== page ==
Saturday, January 3, 2009

Why are a million people a year leaving their churches and not looking back?

Where are they going? Who are they? What are they like?

After reading a recent article published by The Barna Group, I began to look for some answers, and began with a book that George Barna was recommending -- which he had incidentally written: "Revolution."

Of course the title would immediately appeal to those who still hear John Lennon singing "Gotta be a revolution..." in their heads, and who discovered Karl Marx in college (the new revolutionaries are Marxian, not Marxist).

Is there a revolution? After reading Geroge Barna's book and experiencing that strange sensation that he must know me (because he is describing my thoughts uncannily well) I decided that the Spirit must be on the move.

But what is God doing right now? Why would He be emptying His churches?

"Pagan Christianity," written by George Barna with his friend Frank Viola, offered some ideas. Perhaps, they posited, the institutional church, founded in 325 by Constantine, and reformed five hundred years ago by Martin Luther, John Calvin and a few others, was in need of more than an overhaul. Perhaps the institutional church model has run its course, and the new way is really a return to the original way.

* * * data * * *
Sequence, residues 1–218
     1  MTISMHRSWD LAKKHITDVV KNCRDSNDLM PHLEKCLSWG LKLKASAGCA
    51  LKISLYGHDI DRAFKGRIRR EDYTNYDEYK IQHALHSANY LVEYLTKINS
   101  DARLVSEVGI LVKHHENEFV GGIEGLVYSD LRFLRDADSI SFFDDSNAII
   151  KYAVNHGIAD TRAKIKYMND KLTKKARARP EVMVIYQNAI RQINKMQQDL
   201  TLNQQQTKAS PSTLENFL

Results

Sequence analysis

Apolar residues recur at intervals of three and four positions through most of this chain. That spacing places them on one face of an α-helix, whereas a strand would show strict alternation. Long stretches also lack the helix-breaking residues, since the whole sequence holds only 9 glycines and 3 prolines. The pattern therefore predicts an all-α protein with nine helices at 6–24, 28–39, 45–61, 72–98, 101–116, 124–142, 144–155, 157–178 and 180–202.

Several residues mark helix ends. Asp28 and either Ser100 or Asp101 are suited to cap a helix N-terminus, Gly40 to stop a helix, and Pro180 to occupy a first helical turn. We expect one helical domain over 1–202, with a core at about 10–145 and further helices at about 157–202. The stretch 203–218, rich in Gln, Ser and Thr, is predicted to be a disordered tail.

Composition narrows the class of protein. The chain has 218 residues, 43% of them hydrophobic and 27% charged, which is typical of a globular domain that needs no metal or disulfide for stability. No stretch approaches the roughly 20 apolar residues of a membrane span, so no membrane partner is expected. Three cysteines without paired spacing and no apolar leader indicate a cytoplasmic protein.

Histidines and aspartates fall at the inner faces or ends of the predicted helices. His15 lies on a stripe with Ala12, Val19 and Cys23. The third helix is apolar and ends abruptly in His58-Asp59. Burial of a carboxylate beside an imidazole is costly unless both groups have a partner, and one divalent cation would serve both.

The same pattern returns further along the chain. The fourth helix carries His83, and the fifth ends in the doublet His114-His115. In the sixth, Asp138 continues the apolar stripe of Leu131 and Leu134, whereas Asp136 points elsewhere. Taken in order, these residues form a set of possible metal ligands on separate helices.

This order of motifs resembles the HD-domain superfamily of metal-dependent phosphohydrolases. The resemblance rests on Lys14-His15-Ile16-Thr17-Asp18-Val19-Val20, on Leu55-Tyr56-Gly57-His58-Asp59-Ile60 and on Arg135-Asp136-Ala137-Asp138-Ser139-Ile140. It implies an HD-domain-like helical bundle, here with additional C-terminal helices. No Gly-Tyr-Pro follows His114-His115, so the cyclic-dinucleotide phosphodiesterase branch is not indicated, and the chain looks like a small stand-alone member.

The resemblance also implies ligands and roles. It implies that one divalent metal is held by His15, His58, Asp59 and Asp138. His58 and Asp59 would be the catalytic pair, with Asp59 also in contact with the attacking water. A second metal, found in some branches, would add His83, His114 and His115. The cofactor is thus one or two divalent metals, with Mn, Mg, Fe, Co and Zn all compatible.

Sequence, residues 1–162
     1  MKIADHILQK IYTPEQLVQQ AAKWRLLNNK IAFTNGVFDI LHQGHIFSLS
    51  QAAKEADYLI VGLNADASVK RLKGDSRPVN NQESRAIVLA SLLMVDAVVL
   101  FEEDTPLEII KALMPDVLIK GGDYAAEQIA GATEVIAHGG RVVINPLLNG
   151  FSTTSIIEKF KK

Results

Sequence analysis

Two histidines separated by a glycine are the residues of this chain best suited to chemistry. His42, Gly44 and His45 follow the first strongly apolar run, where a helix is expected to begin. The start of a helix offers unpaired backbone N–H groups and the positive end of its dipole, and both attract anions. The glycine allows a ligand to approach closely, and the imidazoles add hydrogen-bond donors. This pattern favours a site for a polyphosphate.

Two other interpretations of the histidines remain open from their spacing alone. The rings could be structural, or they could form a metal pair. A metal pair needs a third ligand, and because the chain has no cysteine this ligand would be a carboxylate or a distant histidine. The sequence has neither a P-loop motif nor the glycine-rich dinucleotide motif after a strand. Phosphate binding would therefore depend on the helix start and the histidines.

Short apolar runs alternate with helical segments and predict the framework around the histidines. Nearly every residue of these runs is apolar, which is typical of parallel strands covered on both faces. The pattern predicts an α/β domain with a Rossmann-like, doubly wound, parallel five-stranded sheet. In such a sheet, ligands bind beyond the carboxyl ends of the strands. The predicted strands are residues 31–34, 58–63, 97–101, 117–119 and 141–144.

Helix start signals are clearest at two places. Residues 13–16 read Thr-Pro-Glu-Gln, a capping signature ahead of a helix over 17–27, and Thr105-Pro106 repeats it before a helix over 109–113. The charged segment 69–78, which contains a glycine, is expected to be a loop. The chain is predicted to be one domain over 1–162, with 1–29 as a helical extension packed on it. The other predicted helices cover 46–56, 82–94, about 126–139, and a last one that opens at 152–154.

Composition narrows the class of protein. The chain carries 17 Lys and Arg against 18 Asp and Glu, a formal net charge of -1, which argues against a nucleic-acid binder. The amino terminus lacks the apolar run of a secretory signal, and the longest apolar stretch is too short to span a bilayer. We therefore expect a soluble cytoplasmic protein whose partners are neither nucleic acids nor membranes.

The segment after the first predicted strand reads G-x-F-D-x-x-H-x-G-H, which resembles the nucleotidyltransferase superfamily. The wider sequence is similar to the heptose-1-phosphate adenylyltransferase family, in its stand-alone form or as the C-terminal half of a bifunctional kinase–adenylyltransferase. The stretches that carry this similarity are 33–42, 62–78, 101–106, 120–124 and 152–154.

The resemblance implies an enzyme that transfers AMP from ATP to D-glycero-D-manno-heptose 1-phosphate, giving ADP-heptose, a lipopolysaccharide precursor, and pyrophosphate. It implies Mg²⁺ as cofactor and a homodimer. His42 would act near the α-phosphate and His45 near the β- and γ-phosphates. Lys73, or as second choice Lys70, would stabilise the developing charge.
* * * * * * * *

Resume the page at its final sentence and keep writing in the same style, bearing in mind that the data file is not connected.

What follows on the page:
Reformers have been yearning after a return to the church of Acts, the "first church," the "original church," for a long time. there have been revivals, Dissenters of even the first protestants (clear back in the sixteen hundreds the Quakers and Anabaptists were dissenting the mainstream reform movement. Didja know the Quakers included both men and women prophets and teachers?). There have been reformers of the reformers, Disciples of Christ, the Plymouth Brethren.

How is this new "revolution" not a replay of all these other "revolutions"?

We had to wait a full year for the next installment, this time written solely by Frank Viola, but clearly covering twenty years and more of in-the-field research and experience. "Reimagining Church." The first half of the book is still pretty rough (in my opinion); the last half of the book has been distilled to the tincture of purity in inspiration, truth and revelation.

My next blog will be my own review of that book, beginning with some observations about "Pagan Christianity."

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